Researchers from the Universidad de Alcalá (UAH) managed by Professor Federico Gago from the pharmacology department, have published an article in the Journal of Medicinal Chemistry clarifying the molecular bases of DNA sequence identification by Thiocoraline A, a marine antibiotic compound with antitumoral action.
This molecule is a product of the biopharmaceutical company PharmaMar (http://www.pharmamar.com/es/pipeline/) and has a potent cytotoxic effect over a wide range of tumour cells both animal and human. The 3D structure of thiocoraline, determined by X-ray crystallography at the Universidad de Santiago de Compostela, shows a characteristic staple shaped pattern that explains its bisintercalative property in the DNA double helix (fig) as well as the particular arrangement of the pairs, piling up in columns inside the crystal structure.
Thanks to this double intercalation, thiocoraline is able to identify specific sequences of DNA and attaches to them, making it harder for the strands of DNA that form the double helix to separate.
In order to evaluate this effect, Professor Alberto Domingo from the biochemistry and molecular biology department of the UAH used tiny quantities of DNA linked to a fluorescent marker and standard instruments for reverse transcription polymerase chain reaction (RT-PCR). The information produced by this miniaturised method, that has proven to be a far superior technique to the those used in the past for this kind of experimentation, shows the binding affinity of thiocoraline for DNA in great detail, and has later been computer modelled for better understanding. In this way, it has been possible to verify that the flat rings of this molecule intertwine with the two closest base pairs while leaving another two pairs in between free in accordance with the exclusion principle; the rest of the molecule establishes hydrogen bonds with the central base pairs.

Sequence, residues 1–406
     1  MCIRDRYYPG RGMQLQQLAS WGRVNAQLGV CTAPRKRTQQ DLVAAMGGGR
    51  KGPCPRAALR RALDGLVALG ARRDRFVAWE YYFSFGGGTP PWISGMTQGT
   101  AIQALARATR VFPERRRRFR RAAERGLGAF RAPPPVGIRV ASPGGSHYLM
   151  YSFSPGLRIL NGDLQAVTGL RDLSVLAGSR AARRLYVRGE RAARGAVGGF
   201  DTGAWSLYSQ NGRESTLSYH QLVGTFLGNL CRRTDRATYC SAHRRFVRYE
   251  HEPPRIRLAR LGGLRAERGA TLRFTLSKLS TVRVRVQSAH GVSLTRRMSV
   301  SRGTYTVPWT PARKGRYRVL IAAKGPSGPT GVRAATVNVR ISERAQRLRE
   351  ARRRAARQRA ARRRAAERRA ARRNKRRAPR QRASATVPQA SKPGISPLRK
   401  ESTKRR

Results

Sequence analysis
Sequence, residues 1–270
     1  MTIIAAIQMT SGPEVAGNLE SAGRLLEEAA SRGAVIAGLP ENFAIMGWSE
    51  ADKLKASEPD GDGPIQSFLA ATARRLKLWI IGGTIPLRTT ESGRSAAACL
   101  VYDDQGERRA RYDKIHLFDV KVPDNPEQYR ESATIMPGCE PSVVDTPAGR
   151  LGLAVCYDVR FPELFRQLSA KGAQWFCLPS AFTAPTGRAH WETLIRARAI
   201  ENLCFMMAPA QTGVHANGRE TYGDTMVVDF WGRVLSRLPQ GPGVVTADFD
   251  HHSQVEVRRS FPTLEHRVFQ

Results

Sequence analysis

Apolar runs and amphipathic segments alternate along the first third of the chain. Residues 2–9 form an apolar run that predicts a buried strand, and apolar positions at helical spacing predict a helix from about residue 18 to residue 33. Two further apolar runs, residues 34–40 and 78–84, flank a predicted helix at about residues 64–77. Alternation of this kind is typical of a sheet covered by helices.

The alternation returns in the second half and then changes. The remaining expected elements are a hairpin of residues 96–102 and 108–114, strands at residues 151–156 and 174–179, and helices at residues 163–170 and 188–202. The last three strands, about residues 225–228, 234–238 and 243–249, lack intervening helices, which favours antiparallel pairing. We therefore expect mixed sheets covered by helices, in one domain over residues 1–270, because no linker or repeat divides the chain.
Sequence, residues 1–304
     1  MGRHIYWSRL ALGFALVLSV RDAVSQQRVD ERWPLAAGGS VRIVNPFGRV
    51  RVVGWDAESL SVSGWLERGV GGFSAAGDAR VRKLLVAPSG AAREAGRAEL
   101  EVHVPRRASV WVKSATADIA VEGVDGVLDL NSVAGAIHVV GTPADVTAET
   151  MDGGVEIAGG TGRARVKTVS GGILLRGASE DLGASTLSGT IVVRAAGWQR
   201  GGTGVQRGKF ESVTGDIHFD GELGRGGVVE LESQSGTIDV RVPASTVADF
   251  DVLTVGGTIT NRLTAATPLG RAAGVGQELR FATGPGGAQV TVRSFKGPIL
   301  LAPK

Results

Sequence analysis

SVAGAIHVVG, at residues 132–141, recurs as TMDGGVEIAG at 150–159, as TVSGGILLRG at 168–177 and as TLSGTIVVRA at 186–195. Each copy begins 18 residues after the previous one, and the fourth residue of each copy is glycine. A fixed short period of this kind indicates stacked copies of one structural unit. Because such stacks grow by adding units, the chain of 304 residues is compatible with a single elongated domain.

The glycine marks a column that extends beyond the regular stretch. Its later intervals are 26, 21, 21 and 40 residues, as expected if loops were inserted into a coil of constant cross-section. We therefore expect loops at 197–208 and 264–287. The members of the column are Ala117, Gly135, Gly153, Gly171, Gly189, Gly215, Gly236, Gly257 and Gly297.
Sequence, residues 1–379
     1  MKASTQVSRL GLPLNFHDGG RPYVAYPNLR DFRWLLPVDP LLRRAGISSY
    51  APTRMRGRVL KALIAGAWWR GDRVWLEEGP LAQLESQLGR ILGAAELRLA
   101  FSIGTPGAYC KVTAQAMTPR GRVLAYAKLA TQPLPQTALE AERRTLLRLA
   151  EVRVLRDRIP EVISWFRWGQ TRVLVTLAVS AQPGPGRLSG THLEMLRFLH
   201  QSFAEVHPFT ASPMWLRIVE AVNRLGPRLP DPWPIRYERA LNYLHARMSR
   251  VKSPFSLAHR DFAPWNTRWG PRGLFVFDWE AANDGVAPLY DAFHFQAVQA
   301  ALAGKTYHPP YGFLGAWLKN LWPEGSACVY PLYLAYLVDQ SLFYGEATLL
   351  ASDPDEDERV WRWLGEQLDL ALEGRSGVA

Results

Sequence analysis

The resulting complex resembles a sandwich in which the bread is represented by the rings of the agent and the filling is the base pairs trapped by the thiocoraline (fig). It’s mainly these hydrogen bonds that grant the antibiotic the ability to bind selectively and this area is currently still under investigation at PharmaMar, a company of the Zeltia group that was recently granted approval by the Spanish health authorities for a new product of marine origin - the trabectedin (Yondelis) - aimed to treat sarcoma in soft tissues.
Authors: Federico Gago y Ana Negri
Oficina de Información Científic | alfa
Microscope measures muscle weakness
16.11.2018 | Friedrich-Alexander-Universität Erlangen-Nürnberg
Good preparation is half the digestion
16.11.2018 | Max-Planck-Institut für Stoffwechselforschung
Researchers at the University of New Hampshire have captured a difficult-to-view singular event involving "magnetic reconnection"--the process by which sparse particles and energy around Earth collide producing a quick but mighty explosion--in the Earth's magnetotail, the magnetic environment that trails behind the planet.
Magnetic reconnection has remained a bit of a mystery to scientists. They know it exists and have documented the effects that the energy explosions can...
Biochips have been developed at TU Wien (Vienna), on which tissue can be produced and examined. This allows supplying the tissue with different substances in a very controlled way.
Cultivating human cells in the Petri dish is not a big challenge today. Producing artificial tissue, however, permeated by fine blood vessels, is a much more...
Faster and secure data communication: This is the goal of a new joint project involving physicists from the University of Würzburg. The German Federal Ministry of Education and Research funds the project with 14.8 million euro.
In our digital world data security and secure communication are becoming more and more important. Quantum communication is a promising approach to achieve...
On Saturday, 10 November 2018, the research icebreaker Polarstern will leave its homeport of Bremerhaven, bound for Cape Town, South Africa.
When choosing materials to make something, trade-offs need to be made between a host of properties, such as thickness, stiffness and weight. Depending on the application in question, finding just the right balance is the difference between success and failure
Now, a team of Penn Engineers has demonstrated a new material they call "nanocardboard," an ultrathin equivalent of corrugated paper cardboard. A square...
09.11.2018 | Event News
06.11.2018 | Event News
23.10.2018 | Event News
16.11.2018 | Health and Medicine
16.11.2018 | Life Sciences
16.11.2018 | Life Sciences